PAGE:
Tropical Depression 9, the swirling mass of clouds just to the north of The Yucatan in the image to the left, is expected to intensify into a Tropical Storm sometime over the next several hours. The warm waters of The Gulf combined with little shear has finally allowed this storm to grow rapidly over the past couple of days. The National Hurricane Center (NHC) has issued Hurricane Watches as well as Tropical Storm Warnings for much of the Big Bend area of Florida north of Tampa. Although the storm is not currently expected to become a hurricane before landfall, it will come close to doing so with sustained winds of about 65 MPH, so Hurricane Watches are still in effect for the area. Although a sort of model consensus has been reached regarding the short term for this storm, mayhem continues as some computer models have begun to indicate a shift to the west once it passes North Carolina. If this storm were to shift to the west as now indicated by some of the more trustworthy computer models, it would mean that impacts from this storm would be felt as far north as New England. As of now, The NHC has put a 50% chance of a 3 to 5 foot storm surge occurring in The Long Island Sound, but until the computer models receive more information, it is unlikely we will know the exact track. More updates will ne available here over the next several days, but please visit The National Hurricane Center at nhc.noaa.gov before making any decisions.
Tropical Depression 8 as well as Tropical Depression 9 are now expected to impact The US as Tropical Storms. Tropical Depression 8 is currently nearing The Outer Banks and is expected to strengthen to a Tropical Storm soon, prompting Tropical Storm Warnings for nearly the entire Outer Banks. Tropical Depression 9 has finished moving into the southeastern Gulf of Mexico as of this morning, and is expected to become a Tropical Storm over the next 48 hours as it begins its northeast turn towards Florida. After impacting portions of northwestern Florida, the storm is expected to reemerge over The Atlantic and continue to head to the northeast. Recently, some computer models such as The JMA (Based in Japan), The CMC (Based in Canada, as well as The UKMET (Based in The UK), have suggested a turn to the north and northwest, towards the coast of The Mid-Atlantic. There is no cause for concern quite yet for those in and around NYC, but Weather 360 will continue to monitor the situation.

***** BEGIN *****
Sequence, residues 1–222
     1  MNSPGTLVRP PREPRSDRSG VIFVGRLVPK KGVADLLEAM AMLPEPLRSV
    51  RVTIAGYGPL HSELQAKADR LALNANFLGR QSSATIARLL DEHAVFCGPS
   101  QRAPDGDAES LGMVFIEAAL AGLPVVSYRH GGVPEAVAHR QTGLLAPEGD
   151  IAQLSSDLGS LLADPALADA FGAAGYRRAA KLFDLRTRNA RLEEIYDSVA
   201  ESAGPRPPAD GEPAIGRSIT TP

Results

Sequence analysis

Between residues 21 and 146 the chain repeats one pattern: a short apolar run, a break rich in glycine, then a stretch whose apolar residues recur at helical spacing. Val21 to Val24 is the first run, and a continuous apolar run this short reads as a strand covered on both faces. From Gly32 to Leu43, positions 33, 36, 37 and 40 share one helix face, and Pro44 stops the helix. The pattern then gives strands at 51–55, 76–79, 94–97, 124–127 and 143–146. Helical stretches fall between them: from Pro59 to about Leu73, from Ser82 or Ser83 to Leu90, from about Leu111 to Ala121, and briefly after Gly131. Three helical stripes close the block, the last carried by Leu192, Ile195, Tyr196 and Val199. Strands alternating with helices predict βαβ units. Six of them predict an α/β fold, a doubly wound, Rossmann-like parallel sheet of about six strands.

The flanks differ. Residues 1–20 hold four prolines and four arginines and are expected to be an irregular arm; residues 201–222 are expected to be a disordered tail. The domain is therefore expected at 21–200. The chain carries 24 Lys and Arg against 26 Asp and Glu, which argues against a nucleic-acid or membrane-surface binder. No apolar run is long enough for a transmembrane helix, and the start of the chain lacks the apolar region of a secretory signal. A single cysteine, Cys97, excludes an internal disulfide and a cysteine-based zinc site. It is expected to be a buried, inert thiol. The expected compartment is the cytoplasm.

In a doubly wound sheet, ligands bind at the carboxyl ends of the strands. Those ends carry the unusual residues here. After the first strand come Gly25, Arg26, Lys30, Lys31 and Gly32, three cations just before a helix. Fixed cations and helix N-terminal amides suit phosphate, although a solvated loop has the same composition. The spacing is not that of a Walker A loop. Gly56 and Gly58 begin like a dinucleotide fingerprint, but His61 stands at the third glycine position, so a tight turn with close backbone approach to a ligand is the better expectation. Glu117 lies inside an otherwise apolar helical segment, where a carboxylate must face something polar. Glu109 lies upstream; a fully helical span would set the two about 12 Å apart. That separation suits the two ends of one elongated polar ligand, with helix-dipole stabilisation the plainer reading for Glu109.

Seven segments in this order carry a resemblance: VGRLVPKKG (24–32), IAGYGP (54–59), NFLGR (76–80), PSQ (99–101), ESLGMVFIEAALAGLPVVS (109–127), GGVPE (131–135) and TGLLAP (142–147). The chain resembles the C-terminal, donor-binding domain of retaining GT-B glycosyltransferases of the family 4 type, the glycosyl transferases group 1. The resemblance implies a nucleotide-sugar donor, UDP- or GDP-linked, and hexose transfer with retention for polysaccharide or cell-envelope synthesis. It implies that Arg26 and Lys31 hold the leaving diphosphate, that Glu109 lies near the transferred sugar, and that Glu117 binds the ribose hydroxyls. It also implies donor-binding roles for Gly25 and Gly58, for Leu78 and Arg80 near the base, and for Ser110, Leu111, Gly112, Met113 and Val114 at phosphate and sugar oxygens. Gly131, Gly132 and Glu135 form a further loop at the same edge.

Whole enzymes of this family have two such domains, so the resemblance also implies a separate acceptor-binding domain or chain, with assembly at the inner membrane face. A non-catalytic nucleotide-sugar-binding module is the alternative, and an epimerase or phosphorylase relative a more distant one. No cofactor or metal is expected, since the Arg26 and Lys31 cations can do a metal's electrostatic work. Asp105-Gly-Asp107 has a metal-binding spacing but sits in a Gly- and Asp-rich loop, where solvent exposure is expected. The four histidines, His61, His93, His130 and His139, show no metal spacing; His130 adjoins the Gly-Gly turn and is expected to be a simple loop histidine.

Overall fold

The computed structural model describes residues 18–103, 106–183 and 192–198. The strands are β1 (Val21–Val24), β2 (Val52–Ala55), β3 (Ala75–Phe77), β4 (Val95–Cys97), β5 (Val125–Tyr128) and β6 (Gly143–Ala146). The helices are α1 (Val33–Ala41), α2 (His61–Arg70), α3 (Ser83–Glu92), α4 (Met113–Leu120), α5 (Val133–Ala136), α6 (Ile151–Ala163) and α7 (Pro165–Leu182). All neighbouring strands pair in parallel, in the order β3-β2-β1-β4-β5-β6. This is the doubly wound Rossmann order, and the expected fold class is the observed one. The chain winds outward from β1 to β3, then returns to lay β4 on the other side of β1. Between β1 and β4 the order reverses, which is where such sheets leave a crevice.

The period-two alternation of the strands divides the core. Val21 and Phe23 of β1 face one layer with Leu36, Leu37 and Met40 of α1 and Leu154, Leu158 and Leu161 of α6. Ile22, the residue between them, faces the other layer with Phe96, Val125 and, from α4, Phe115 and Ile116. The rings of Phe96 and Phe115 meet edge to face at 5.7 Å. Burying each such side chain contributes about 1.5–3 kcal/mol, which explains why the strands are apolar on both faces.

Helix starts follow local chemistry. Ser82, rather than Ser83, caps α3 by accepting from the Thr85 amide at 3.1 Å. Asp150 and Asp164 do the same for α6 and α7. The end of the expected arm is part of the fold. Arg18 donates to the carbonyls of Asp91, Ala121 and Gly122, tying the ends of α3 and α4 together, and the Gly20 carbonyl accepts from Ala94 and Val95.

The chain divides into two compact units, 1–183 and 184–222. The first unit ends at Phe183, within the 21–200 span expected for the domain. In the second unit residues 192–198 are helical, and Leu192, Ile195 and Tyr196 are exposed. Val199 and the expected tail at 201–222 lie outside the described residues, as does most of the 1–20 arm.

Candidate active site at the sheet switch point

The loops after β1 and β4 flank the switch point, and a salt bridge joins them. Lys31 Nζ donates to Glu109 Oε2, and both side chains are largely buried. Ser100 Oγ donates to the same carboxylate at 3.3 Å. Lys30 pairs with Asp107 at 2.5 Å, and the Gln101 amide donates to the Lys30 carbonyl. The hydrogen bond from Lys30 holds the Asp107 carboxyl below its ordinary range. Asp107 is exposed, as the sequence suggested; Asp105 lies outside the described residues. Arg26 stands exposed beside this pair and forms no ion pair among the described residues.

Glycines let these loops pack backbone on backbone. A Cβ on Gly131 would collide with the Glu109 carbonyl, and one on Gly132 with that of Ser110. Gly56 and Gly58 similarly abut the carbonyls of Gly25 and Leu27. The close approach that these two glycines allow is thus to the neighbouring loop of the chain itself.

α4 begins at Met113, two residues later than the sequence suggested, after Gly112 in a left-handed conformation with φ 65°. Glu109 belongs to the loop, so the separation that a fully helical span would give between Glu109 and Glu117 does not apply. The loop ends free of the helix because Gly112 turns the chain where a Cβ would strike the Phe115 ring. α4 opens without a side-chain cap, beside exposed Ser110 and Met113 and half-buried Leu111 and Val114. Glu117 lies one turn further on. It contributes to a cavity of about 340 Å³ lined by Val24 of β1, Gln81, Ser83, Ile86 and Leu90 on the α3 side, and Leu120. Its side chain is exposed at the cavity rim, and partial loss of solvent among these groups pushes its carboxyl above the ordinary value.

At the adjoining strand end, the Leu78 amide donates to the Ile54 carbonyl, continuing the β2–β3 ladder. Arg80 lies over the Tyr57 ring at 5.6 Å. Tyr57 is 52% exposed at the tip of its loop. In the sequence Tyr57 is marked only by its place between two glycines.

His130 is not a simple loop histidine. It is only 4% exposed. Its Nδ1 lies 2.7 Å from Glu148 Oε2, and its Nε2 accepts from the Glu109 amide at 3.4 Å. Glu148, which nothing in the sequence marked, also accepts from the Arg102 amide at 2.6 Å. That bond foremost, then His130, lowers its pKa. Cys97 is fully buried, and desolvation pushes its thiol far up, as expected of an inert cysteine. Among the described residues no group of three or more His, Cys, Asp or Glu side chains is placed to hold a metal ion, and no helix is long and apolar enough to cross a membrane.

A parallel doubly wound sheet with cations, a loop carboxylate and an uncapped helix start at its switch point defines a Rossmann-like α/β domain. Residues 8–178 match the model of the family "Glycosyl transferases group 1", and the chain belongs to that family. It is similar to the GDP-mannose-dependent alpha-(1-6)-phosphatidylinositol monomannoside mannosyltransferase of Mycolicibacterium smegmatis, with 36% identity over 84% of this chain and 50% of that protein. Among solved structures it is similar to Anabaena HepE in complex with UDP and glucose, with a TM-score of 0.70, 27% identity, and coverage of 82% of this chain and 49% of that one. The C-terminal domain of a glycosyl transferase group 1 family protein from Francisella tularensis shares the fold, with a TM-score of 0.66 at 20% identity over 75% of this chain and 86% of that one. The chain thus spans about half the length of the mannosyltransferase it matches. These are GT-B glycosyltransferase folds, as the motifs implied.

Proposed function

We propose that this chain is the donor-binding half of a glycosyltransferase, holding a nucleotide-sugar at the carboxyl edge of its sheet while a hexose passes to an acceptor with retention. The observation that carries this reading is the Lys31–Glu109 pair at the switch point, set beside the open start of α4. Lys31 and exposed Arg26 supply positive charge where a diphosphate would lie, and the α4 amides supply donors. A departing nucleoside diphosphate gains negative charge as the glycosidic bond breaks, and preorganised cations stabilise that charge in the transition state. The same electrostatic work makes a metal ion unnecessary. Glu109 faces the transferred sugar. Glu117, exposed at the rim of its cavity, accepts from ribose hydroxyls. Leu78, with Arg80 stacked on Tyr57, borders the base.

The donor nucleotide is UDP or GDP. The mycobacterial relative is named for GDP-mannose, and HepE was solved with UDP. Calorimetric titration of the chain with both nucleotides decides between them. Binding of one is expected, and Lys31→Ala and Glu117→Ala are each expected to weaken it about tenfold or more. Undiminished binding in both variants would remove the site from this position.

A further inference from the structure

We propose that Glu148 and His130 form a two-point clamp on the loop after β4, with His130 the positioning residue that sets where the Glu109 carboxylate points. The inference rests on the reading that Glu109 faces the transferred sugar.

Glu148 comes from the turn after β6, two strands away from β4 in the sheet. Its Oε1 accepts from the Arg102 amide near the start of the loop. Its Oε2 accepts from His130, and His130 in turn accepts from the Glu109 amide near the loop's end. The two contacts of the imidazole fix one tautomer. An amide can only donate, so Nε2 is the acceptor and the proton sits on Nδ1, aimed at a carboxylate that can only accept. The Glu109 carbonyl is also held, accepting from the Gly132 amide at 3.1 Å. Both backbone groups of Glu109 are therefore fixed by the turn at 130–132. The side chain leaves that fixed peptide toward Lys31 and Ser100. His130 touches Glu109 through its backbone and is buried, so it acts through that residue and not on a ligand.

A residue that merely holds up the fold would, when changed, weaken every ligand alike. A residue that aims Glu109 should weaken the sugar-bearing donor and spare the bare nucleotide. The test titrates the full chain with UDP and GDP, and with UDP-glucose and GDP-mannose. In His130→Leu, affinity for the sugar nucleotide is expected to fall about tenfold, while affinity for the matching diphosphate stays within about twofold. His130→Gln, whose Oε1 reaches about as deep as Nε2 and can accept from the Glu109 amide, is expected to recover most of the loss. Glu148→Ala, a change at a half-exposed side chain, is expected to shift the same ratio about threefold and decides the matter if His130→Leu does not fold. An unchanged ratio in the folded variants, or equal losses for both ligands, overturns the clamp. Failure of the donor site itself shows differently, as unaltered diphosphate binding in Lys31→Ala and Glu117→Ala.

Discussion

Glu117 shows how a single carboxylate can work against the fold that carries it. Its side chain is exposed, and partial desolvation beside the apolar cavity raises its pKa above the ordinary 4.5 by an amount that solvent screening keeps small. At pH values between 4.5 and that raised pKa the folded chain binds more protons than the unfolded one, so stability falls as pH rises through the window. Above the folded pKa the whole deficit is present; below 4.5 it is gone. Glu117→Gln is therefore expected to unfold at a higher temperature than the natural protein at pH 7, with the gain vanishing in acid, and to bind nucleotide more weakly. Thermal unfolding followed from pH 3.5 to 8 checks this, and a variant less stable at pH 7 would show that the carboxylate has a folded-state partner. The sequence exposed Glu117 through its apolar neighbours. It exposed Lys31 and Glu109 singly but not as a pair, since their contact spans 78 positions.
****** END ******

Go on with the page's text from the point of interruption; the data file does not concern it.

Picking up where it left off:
Invest 99L formed east of the Leeward Islands as a Tropical Wave about 10 days ago, since then, the storm has made its way to The Straits of Florida, where it is currently attempting to organize itself. Recent satellite images have indicated that the storm is beginning to regain a center of circulation, and recent computer model runs have suggested a potential hurricane impacting portions of western Florida over the following several days.
Although coming closer to the potential time of impact, the storm is not yet organized to the point at which the National Hurricane Center may issue advisories, and a model consensus has by no means yet been reached. Weather 360 will continue to provide updates on Invest 99L on here and on our Hurricane Center page over the coming days.